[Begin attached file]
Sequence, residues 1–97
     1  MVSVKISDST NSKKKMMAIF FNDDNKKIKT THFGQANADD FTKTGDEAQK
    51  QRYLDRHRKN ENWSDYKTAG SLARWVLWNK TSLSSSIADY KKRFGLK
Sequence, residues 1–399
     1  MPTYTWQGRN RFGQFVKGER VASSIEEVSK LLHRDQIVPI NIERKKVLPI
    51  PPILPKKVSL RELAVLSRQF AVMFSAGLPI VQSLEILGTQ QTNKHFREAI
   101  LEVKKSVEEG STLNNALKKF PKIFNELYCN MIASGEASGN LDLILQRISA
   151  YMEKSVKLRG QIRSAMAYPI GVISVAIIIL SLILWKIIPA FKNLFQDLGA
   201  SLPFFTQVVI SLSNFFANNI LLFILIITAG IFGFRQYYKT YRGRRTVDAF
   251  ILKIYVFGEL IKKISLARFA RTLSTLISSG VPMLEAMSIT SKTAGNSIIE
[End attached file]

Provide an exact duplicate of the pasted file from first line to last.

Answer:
Sequence, residues 1–97
     1  MVSVKISDST NSKKKMMAIF FNDDNKKIKT THFGQANADD FTKTGDEAQK
    51  QRYLDRHRKN ENWSDYKTAG SLARWVLWNK TSLSSSIADY KKRFGLK
Sequence, residues 1–399
     1  MPTYTWQGRN RFGQFVKGER VASSIEEVSK LLHRDQIVPI NIERKKVLPI
    51  PPILPKKVSL RELAVLSRQF AVMFSAGLPI VQSLEILGTQ QTNKHFREAI
   101  LEVKKSVEEG STLNNALKKF PKIFNELYCN MIASGEASGN LDLILQRISA
   151  YMEKSVKLRG QIRSAMAYPI GVISVAIIIL SLILWKIIPA FKNLFQDLGA
   201  SLPFFTQVVI SLSNFFANNI LLFILIITAG IFGFRQYYKT YRGRRTVDAF
   251  ILKIYVFGEL IKKISLARFA RTLSTLISSG VPMLEAMSIT SKTAGNSIIE